It is not just these perversely impressive physical feats that sharpen what might otherwise be a dull treatise on a healthful habit; Mr. Murakami's work has always combined the ordinary and the extraordinary, and this memoir is no exception.
To characterize it as briefly as possible: easy on ear and mind alike, it’s the type of prose I would call sort of pretty poor. Running is “sort of a vague theme” (i.e., not just vague but vaguely vague), and the book is “a kind of memoir.” Murakami sort of likes this kind of thing, not just as an indistinct modifier but as a form of category-definition. He’s the “type of person,” “kind of person” — I lost track of the number of times this came up — who likes “sort of laid-back” music and is “sort of a brazen person” who sometimes has “a sort of arrogant attitude.”
added by dcozy | editNew York Times, Geoff Dyer (Aug 10, 2008)
When I closed the book, I found myself fantasising not about athletic feats, but that more readily available satisfaction that Murakami evokes so tellingly: the stinging joy of a very, very cold beer.

» Add other authors (23 possible)

Author nameRoleType of authorWork?Status
Haruki Murakamiprimary authorall editionsconfirmed
Gabriel, PhilipTranslatorsecondary authorsome editionsconfirmed
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Information from the German Common Knowledge. Edit to localize it to your language.
Zum Schluss möchte ich dieses Buch allen Läufern widmen, denen ich auf meinem Wege begegnet bin, die ich überholt habe und die mich überholt haben. Wenn ihr nicht gewesen wärt, wäre ich vielleicht nie weitergelaufen.
(Nachwort, August 2007)
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I'm on Kauai, in Hawaii, today, Friday, August 5, 2005. It's unbelievably clear and sunny, not a cloud in the sky.
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(Click to show. Warning: May contain spoilers.)
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Amazon.com Product Description (ISBN 0307389839, Paperback)

An intimate look at writing, running, and the incredible way they intersect, from the incomparable, bestselling author Haruki Murakami.While simply training for New York City Marathon would be enough for most people, Haruki Murakami's decided to write about it as well. The result is a beautiful memoir about his intertwined obsessions with running and writing, full of vivid memories and insights, including the eureka moment when he decided to become a writer. By turns funny and sobering, playful and philosophical, What I Talk About When I Talk About Running is rich and revelatory, both for fans of this masterful yet guardedly private writer and for the exploding population of athletes who find similar satisfaction in athletic pursuit.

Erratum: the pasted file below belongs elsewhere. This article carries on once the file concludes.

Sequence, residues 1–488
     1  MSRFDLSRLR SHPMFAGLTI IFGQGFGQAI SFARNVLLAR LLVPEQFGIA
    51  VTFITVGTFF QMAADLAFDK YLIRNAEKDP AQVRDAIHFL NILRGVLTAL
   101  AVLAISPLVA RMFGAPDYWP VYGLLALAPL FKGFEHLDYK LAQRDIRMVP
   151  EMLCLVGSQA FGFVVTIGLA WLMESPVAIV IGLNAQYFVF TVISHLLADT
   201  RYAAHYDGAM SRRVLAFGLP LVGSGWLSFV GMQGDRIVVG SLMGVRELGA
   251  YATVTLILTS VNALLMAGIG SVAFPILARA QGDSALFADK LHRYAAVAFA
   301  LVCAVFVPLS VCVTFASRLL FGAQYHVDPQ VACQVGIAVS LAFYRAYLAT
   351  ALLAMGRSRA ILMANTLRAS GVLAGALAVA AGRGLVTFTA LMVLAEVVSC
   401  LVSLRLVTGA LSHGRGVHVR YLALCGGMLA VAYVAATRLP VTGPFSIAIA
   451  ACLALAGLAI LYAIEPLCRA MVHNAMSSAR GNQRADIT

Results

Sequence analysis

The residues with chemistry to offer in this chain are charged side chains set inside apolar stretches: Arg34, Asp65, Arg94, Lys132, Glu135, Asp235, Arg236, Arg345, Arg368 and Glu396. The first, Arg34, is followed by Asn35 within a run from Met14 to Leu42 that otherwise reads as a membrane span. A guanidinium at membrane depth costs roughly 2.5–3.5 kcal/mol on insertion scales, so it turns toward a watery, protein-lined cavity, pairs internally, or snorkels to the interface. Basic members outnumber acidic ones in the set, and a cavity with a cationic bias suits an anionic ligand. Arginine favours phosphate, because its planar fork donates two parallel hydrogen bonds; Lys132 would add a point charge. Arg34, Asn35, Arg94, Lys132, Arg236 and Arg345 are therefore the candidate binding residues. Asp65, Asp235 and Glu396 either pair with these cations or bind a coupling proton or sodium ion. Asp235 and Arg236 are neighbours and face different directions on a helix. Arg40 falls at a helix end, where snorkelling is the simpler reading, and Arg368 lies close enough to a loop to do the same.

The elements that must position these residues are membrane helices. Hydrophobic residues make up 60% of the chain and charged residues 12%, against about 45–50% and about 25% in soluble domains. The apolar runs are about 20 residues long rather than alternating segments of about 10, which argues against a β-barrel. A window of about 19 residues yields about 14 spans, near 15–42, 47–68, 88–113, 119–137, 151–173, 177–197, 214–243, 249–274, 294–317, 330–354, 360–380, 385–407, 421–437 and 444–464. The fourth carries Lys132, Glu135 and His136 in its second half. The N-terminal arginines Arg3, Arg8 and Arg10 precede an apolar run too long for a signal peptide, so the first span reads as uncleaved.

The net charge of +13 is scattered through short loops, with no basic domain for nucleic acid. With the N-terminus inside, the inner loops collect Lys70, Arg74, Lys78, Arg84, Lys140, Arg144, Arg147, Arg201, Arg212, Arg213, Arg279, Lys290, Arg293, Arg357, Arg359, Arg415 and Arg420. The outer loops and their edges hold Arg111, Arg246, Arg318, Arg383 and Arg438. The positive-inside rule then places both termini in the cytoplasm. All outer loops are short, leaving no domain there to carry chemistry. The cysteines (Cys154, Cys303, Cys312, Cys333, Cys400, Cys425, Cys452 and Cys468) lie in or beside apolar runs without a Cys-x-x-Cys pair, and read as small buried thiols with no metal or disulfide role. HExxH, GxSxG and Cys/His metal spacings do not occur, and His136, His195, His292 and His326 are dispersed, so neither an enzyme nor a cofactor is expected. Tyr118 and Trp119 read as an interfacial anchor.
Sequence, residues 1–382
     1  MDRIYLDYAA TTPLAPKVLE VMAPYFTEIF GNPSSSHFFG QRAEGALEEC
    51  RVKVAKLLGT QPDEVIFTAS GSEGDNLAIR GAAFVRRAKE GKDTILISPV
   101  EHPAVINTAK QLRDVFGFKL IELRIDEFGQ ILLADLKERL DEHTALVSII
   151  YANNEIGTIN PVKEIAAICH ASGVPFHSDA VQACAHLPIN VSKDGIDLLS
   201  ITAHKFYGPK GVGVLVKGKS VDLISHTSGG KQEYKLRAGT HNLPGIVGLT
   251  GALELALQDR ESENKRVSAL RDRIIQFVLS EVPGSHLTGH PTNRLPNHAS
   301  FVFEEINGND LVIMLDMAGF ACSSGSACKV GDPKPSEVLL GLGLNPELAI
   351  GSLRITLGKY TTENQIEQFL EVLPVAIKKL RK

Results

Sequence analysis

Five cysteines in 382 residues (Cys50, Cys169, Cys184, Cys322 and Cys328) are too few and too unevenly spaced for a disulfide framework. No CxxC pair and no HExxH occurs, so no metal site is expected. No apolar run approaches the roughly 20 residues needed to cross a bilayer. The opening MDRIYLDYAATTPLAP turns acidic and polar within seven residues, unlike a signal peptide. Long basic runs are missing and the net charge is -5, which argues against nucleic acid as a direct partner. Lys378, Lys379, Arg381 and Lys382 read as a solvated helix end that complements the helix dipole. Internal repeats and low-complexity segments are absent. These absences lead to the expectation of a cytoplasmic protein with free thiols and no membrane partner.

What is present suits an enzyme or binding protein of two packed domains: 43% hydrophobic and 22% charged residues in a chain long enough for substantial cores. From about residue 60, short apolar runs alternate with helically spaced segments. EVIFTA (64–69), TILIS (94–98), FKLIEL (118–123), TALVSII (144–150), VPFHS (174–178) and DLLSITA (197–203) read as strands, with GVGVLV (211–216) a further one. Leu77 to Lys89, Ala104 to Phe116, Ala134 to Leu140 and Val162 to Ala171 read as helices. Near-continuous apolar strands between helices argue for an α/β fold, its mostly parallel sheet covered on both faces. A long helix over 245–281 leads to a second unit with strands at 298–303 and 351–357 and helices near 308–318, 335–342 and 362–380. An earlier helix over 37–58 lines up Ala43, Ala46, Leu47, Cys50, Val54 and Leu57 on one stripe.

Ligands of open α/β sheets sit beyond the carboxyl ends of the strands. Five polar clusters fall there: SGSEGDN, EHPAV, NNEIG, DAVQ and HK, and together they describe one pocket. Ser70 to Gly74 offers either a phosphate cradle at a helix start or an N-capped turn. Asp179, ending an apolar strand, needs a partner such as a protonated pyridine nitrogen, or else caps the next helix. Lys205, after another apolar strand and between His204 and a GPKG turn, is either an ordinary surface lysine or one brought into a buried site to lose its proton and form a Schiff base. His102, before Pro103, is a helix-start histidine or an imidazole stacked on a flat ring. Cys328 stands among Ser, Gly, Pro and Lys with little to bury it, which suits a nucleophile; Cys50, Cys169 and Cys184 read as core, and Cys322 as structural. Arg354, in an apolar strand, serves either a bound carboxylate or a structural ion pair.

(retrieved from Amazon Mon, 30 Sep 2013 13:33:14 -0400)

(see all 6 descriptions)

In 1982, having sold his jazz bar to devote himself to writing, Murakami began running to keep fit. A year later, he'd completed a solo course from Athens to Marathon, and now, after dozens of such races, not to mention triathlons and a slew of critically acclaimed books, he reflects upon the influence the sport has had on his life and on his writing. Equal parts travelogue, training log, and reminiscence, this revealing memoir covers his four-month preparation for the 2005 New York City Marathon and settings ranging from Tokyo's Jingu Gaien gardens, where he once shared the course with an Olympian, to the Charles River in Boston among young women who outpace him. Through this marvellous lens of sport emerges a cornucopia of memories and insights: the eureka moment when he decided to become a writer, his greatest triumphs and disappointments, his passion for vintage LPs, and the experience, after fifty, of seeing his race times improve and then fall back. By turns funny and sobering, playful and philosophical, What I Talk About When I Talk About Running is rich and revealing, both for fans of this masterful yet private writer and for the exploding population of athletes who find similar satisfaction in distance running. Biographies & Autobiographies. Track & field sports, athletics.… (more)

(summary from another edition)